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Citigroup Alters Management, But Investors May Want More 

Citigroup , under pressure to cut costs and boost a lackluster share price, promoted corporate and investment banking head Robert Druskin to chief operating officer Monday.

Druskin was immediately charged by Chief Executive Charles Prince with reviewing the bank's cost base, a major focus of investor criticism. The promotion was seen by some analysts as making him the bank's de facto number two executive.

Druskin, 59, will remain CEO of the commercial and investment banking unit, and will also become chairman of that unit. He will join Prince and Robert Rubin as members of the office of the chairman. All changes are effective Jan. 1.

Investors have been pressuring the top U.S. bank by assets to improve its financial performance for some time. In July, one of the bank's largest shareholders, Saudi Prince Alwaleed bin Talal, called for "draconian measures" to control costs.

Druskin's promotion seemed unlikely to assuage criticism from Alwaleed and others, though, and the company's shares were down more than 1.5% in after-hours trading.

"It's an incremental change. I think Citigroup needs something more radical than this," said Ralph Cole, who helps manage $2.4 billion at Ferguson Wellman Capital Management, which owns Citi shares.

Citigroup shares have just hit their highest level in five years on hopes the bank would announce major changes at an investor presentation on Thursday, including replacing senior management and perhaps even spinning off units.

But speaking to reporters on a conference call, Prince ruled out other major management changes in the near term. He also dismissed talk of spinoffs as contrary to what he has said numerous times and insisted the bank is on the right track. "The train is up on the rails and headed in the right direction from a strategy point of view," he said.

Power Shift?

Some investors see Druskin's promotion as a way of taking power from Chief Financial Officer Sallie Krawcheck, 42, who has been rumored to be looking at leaving. "Clearly, that would seem, on the face of it, to put Sallie in a more subordinate role," said Lee Forker, president of New England Research & Management in Boston, which does not own Citigroup shares.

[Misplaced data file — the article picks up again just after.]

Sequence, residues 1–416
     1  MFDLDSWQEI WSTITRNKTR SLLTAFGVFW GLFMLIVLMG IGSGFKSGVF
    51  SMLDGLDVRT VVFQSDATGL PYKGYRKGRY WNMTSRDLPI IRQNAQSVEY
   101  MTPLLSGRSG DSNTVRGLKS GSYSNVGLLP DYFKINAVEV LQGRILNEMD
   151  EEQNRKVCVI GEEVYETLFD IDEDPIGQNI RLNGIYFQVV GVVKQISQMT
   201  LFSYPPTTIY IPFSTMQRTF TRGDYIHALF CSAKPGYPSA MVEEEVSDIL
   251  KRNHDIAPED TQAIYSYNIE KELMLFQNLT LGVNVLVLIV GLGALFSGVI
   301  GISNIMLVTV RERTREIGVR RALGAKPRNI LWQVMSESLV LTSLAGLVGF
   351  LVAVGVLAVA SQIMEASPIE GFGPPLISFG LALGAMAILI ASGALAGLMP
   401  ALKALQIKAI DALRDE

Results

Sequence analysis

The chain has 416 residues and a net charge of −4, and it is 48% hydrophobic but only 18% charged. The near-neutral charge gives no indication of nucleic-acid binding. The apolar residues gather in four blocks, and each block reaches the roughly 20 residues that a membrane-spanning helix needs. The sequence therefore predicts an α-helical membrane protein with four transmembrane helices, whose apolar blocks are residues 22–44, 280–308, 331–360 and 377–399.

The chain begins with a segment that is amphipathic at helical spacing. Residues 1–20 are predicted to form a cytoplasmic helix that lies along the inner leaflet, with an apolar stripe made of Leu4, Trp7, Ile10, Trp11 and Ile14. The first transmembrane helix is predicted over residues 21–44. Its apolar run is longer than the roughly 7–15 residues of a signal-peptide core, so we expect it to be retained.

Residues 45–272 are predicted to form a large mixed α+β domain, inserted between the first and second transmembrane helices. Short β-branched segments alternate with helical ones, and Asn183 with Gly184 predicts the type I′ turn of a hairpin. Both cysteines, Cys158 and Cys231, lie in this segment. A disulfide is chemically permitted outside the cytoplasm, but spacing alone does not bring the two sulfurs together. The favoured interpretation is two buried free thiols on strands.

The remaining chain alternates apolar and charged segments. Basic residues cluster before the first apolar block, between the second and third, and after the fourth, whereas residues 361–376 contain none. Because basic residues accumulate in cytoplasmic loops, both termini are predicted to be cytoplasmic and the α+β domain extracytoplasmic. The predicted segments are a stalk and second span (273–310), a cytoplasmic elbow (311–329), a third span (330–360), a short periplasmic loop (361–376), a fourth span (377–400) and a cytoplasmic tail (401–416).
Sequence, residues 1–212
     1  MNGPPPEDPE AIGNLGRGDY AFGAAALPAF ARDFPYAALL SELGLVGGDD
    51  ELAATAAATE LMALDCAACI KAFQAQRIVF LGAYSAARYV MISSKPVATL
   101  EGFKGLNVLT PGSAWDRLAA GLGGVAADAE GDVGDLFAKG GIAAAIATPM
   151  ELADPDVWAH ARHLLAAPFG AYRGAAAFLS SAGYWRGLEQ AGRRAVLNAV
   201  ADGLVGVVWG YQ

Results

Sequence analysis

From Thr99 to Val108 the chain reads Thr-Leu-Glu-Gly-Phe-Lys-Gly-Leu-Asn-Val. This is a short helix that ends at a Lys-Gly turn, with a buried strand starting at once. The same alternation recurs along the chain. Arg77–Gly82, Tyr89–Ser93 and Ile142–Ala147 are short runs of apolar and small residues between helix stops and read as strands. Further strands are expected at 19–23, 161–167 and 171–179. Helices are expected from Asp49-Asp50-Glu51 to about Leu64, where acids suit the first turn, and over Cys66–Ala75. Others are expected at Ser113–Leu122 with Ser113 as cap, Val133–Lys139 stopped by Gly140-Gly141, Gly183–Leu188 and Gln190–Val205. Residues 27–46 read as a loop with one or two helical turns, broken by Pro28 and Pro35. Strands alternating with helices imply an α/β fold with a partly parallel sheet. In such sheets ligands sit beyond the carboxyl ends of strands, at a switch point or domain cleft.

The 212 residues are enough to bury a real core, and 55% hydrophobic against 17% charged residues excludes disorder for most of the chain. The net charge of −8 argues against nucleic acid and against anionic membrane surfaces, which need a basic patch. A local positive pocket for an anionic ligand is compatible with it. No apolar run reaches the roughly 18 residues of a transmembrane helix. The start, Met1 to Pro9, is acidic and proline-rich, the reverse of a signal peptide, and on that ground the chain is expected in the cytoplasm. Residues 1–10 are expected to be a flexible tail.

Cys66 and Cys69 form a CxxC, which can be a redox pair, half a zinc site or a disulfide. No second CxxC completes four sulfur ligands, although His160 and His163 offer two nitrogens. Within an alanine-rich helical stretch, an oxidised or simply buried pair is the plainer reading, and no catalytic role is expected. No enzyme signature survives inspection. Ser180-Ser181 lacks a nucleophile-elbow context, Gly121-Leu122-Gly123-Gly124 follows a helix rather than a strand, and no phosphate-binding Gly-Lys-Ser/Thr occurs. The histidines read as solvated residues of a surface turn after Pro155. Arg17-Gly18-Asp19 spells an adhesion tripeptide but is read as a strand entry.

Prince told reporters that Druskin is filling a spot vacated by Robert Willumstad, who announced his resignation in July 2005. It does not represent a demotion for Krawcheck, who is happy in her role and not looking to leave, he added. "Radical change might be in analysts' dreams, but it's not something on Prince's desk," said Michael Holland, founder of Holland Investments in New York, which owns Citigroup shares.

Other possible measures Citigroup may consider in the near term include boosting its dividend by about 10% a year, said an analyst who asked not to be named. Some investors are eager for change. In the first nine months of 2006, Citigroup's income from continuing operations rose 9%, but operating expenses rose 13%, and revenue rose just 5%.

Since Prince, 56, took the reins in October 2003, Citi's share price has risen a little more than 10%. Druskin worked closely with the operating business in the corporate and investment bank, and in the first quarter will conduct a complete review of the company's operations and potential for cost cutting through structural changes, like sharing back offices among multiple businesses, Prince said.

Druskin, who joined Smith Barney in 1991 as chief administrative officer, will be succeeded as president of the commercial and investment bank by Michael Klein and Thomas Maheras.

Citigroup shares rose nearly 2% Monday to close at $52.88 on the New York Stock Exchange, but fell to $52.07 in after-hours trading, when Druskin's promotion was announced.

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